My former student, Harris Roberts, asked an interesting question on Twitter yesterday: Is JetBlue stuck in the middle? In other words, are they stuck in a competitive position somewhere between an effective low cost strategy and a successful differentiation position? The question arises because of the news that came out yesterday about the firm. JetBlue announced that it would be charging baggage fees for the first time. For certain types of low fare tickets, passengers will have to pay baggage fees. In addition, the company will be reducing leg room and adding seats on certain jets that it will fly. The announcements come after much investor pressure and a change in the CEO office. Investors have clamored for JetBlue to improve its profitability, as it has lagged competitors in recent years. The moves, of course, represent a significant departure from JetBlue's past strategy. If you have watched JetBlue's marketing in recent years, you know that more leg room and no baggage fees have been key elements of their message.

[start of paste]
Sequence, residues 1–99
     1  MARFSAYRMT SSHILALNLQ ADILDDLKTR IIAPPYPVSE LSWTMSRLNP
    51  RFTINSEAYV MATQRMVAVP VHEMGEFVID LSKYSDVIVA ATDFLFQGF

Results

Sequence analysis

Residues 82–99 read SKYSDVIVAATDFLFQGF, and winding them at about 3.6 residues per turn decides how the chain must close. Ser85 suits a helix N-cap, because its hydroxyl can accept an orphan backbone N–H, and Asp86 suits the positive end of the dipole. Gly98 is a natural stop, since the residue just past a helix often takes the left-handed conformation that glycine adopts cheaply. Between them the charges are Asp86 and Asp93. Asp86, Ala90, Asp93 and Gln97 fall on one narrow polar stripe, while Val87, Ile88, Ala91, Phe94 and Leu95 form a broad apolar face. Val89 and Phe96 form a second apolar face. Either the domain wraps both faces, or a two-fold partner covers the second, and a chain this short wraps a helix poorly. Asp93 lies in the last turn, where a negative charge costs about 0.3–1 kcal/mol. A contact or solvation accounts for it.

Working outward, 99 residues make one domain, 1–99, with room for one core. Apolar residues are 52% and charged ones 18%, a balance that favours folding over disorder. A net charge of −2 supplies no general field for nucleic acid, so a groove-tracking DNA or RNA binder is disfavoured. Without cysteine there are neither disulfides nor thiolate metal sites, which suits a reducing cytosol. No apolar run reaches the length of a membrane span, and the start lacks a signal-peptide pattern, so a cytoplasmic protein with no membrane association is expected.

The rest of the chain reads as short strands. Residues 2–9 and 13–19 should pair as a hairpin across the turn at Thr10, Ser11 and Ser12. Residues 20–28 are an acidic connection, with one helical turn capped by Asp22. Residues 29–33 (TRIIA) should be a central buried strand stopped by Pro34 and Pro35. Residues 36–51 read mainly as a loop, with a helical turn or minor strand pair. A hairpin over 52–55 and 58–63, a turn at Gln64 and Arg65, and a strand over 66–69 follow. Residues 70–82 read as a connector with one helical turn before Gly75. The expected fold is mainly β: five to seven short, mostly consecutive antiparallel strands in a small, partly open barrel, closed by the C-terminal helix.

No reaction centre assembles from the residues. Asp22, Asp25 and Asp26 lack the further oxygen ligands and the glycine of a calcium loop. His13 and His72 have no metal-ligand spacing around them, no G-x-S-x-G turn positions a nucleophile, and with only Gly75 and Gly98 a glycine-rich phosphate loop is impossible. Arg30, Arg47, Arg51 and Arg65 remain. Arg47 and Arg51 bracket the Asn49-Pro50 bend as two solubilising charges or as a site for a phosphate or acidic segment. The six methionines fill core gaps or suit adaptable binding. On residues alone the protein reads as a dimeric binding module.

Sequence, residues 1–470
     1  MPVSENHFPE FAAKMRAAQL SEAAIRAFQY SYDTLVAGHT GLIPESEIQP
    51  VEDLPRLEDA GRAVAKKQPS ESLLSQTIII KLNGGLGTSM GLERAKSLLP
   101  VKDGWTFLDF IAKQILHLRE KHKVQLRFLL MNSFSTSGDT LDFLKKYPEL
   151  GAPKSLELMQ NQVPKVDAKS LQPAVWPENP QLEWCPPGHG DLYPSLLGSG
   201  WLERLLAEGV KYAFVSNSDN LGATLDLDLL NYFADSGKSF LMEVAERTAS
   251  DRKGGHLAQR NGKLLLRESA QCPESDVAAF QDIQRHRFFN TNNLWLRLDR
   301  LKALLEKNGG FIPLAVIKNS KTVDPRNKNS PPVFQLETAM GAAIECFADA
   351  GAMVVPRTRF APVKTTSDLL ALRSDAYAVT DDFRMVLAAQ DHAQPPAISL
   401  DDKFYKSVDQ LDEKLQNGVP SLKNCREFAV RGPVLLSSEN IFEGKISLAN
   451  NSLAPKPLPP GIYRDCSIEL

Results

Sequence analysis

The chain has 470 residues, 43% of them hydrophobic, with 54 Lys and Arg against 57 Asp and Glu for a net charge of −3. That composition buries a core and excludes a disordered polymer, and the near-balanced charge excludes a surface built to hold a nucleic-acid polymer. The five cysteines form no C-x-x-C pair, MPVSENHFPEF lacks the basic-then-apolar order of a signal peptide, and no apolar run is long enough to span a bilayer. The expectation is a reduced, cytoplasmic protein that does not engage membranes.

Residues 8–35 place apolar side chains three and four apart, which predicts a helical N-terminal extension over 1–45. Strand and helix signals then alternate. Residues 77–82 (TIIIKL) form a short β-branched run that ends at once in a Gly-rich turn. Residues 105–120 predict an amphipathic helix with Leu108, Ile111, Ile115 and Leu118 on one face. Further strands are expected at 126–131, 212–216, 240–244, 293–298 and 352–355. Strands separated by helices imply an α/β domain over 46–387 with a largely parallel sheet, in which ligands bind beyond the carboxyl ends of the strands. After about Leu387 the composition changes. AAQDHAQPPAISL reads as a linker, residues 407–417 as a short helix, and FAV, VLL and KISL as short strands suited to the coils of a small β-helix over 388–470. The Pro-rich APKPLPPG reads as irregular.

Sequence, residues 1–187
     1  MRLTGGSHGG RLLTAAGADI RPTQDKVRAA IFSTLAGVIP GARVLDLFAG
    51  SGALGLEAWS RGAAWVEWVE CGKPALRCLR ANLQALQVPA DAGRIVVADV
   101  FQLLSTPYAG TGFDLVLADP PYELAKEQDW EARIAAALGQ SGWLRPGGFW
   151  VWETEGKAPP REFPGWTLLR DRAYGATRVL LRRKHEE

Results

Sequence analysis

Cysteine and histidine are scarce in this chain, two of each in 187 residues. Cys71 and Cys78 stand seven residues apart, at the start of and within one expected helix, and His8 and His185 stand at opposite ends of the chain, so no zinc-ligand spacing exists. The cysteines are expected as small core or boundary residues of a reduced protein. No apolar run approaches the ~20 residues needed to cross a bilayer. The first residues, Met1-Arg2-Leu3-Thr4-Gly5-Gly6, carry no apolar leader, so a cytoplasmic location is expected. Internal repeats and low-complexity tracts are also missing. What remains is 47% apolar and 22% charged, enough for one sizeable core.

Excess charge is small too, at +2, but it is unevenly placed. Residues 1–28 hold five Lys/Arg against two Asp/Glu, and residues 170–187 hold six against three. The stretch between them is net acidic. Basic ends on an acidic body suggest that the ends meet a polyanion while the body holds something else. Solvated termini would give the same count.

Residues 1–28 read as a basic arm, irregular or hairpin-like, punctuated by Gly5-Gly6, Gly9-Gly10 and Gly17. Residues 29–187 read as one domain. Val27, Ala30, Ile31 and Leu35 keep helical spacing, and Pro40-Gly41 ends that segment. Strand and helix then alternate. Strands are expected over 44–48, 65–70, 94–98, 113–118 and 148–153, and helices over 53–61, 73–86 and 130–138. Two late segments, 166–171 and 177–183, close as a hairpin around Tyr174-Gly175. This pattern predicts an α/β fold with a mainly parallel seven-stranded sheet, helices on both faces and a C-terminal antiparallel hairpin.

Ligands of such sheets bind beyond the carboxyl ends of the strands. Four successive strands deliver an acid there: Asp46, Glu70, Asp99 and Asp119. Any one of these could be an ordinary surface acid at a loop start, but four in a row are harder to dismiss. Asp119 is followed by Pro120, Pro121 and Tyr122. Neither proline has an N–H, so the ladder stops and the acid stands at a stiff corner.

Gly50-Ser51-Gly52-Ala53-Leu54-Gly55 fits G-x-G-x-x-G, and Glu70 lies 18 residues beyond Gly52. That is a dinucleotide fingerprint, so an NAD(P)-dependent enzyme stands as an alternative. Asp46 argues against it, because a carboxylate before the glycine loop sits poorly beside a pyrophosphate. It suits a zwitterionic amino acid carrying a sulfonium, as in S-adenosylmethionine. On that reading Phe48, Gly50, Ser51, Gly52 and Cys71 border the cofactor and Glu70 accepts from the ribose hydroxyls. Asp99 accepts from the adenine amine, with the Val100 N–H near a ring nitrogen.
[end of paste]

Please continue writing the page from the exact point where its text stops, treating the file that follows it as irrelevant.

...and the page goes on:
Why do the moves suggest that JetBlue may be stuck in the middle strategically? For years, JetBlue has tried to be the "Target" of the airline industry. In other words, they have tried to differentiate themselves from the pure low cost players in the industry (Spirit, Southwest), while trying to operate more efficiently than the legacy carriers. Target has tried to do the same for years, operating at a lower cost structure than traditional department stores or older discounters, while differentiating from Wal-Mart. Such a strategy has been very successful for Target for decades, though the last few years have been challenging. JetBlue's lagging profitability may suggest that it has not been able to achieve the efficiency of the low cost players. At the same time, its efforts to differentiate (better service, TVs on the seats, more leg room) have not been sufficient to generate a price premium that offsets the higher costs associated with these amenities. The moves to cut leg room and add baggage fees are not so much a sign that they are moving to become stuck in the middle... to me, they may indicate that JetBlue had already become stuck in the middle. Now they are trying to find their way out of that challenging competitive position. It's difficult, though, to make moves that contradict a longstanding marketing message. It will be interesting to see how customers react.